A stock is a term used to describe ownership in a particular organization at times, it could be in percentage or full ownership.
A shareholder is a person who owns a stock.
Types of shareholders.
Common shareholders: A common shareholder is an individual, business, or institution that holds common shares in a company, giving the holder an ownership stake in the company. This will also give the holder the right to vote on corporate issues such as board elections and corporate policy, along with the right to any common dividend payments.
How one becomes a common shareholder.
A person or other entity becomes a common shareholder by buying at least one share of common stock of a company. That party is now a fractional owner of the company as long as they hold onto at least one share.
Common shareholders participate in the price movements in the stock which is based on how investors view the future outlook of the company and upon the company’s performance. If the price of the stock moves higher after purchase, this results in a profit for the buyer by way of a capital gain.
Common shareholders may also receive dividend payments from the company, which is a cash or stock payout. Not all companies pay dividends, but if a common dividend is declared all common shareholders are entitled to it and the cash or shares will automatically appear in the common shareholders trading account on the payment date.
- Preferred shareholder: A Preferred shareholder is an individual or an entity whose securities represent ownership in a corporation, and have higher priority over common shares on the company’s assets and earnings. The shares are more senior than common stock but are more junior relative to bonds in terms of claim on assets. Holders of preferred stock are prioritized over holders of common stock in dividend payments.
Common terms used in stocks.
- Moving Average Convergence Divergence: Moving average convergence divergence, or MACD, is one of the most popular tools or momentum indication.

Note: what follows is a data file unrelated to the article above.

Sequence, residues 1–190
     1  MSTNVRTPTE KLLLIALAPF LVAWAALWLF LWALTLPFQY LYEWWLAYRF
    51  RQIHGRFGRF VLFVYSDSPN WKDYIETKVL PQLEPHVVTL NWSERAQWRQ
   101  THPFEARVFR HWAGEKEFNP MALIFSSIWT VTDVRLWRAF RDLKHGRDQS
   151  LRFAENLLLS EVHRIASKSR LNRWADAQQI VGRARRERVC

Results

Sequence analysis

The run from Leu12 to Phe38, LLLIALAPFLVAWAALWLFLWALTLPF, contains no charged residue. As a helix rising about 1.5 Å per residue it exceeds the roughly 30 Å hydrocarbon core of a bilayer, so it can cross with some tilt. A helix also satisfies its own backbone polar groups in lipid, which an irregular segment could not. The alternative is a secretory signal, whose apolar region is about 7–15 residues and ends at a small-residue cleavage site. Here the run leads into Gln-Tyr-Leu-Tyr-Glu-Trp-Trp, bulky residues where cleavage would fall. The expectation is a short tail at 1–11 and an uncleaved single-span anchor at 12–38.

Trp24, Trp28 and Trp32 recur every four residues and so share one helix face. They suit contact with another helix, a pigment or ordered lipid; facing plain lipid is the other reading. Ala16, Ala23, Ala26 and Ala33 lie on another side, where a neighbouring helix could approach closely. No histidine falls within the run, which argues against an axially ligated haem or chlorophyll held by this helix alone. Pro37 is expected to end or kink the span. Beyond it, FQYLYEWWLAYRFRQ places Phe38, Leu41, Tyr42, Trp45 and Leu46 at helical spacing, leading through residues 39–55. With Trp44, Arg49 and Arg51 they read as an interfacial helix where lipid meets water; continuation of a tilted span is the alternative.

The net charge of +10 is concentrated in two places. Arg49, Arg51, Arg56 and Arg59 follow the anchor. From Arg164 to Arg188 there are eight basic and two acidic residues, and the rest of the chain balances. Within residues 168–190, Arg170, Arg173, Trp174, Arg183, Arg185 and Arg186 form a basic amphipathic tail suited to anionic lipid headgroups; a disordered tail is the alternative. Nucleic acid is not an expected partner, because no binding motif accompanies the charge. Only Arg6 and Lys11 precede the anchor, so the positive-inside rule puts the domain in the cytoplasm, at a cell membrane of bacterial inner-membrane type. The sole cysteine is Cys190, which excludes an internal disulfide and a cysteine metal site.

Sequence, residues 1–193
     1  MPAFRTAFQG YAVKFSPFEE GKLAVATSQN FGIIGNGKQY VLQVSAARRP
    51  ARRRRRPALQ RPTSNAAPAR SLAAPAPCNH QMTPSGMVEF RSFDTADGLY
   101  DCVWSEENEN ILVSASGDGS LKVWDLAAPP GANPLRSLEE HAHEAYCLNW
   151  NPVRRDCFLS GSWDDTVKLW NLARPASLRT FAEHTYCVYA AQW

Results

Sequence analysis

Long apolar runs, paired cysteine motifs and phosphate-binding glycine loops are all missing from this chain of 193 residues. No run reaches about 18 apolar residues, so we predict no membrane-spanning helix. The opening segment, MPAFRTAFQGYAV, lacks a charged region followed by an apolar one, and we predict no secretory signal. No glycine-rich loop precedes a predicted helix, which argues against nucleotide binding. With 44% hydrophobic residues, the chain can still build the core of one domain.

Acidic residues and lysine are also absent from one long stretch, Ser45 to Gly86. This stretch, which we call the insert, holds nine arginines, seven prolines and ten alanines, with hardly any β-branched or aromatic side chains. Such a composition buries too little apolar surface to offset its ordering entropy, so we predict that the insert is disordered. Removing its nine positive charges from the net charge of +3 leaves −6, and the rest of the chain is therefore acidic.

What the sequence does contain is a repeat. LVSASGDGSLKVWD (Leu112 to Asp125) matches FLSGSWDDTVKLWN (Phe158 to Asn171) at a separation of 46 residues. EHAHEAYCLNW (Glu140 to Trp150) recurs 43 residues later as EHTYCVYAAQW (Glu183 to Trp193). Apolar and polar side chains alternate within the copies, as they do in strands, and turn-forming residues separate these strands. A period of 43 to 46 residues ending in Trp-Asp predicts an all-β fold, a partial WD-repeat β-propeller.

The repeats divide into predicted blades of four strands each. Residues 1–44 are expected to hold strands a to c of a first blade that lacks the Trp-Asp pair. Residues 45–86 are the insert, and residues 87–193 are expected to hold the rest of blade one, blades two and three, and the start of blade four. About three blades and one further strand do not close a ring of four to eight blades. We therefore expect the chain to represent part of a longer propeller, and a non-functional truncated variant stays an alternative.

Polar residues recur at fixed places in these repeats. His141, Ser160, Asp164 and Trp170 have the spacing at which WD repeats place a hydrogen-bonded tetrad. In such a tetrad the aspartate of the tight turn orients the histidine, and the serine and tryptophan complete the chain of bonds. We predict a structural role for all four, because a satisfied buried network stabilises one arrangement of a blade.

- Ipo: Initial public offering is the process by which a private company can go public by sale of its sto
- Management Buy Out(mbo): Management buyout (MBO) is a type of acquisition where a group led by people in the current management.
- Bullish Trend: A ‘trend’ in financial markets can be defined as a direction in which the market moves up or causing an increase in price of company’s stocks.
- Stop Loss: can be defined as an advance order to sell an asset when it reaches a particular price point.
- Return On Equity: The Return On Equity ratio essentially measures the rate of return that the owners of common stock get.
- Dead Cat Bounce: a temporary recovery in share prices after a substantial fall, caused by speculators buying in order to cover their positions.
- Iron Butterfly Option: The Iron Butterfly Option strategy, also called Ironfly, is a combination of four different kinds of
- Hedge FundHedge fund is a private investment partnership and funds pool that uses varied and complex proprietaries.
- Securities Based Lending: Security-based lending is the practice of raising a loan by offering your existing investments in stocks.
Bonds are fixed income instruments that represents a loan made by an investor to a borrower at times it could be a cooperate or a governmental body.
- Bond prices are inversely correlated with interest rates: when rates go up, bond prices fall and vice-versa.
- A bond is referred to as a fixed income instrument since bonds traditionally paid a fixed interest rate (coupon) to debt holder’s. Variable or floating interest rates are also now quite common.
- Bonds are units of corporate debt issued by companies and securitized as tradable assets
- Bonds have maturity dates at which point the principal must be paid back in full or risk default.
Governments (at all levels) and corporations commonly use bonds in order to borrow money. Governments need to fund roads, schools, dams or other infrastructure.
Read more on bonds.
A mutual fund is a financial vehicle made up of funds collected from various investors to invest in securities like stocks, bonds, money market instruments, and other assets. Mutual funds are operated by professional money managers, who allocate the fund’s assets and attempt to produce capital gains or income for the fund’s investors. A mutual fund’s portfolio is structured and maintained to match the investment objectives stated in its prospectus.
Mutual funds give small or individual investors access to professionally managed portfolios of equities, bonds, and other securities. Each shareholder, therefore, participates proportionally in the gains or losses of the fund.
So, when you buy a unit or share of a mutual fund, you are buying the performance of its portfolio or, more precisely, a part of the portfolio’s value. Investing in a share of a mutual fund is different from investing in shares of stock. Unlike stock, mutual fund shares do not give its holders any voting rights. A share of a mutual fund represents investments in many different stocks (or other securities) instead of just one holding.
Learn more on mutual funds.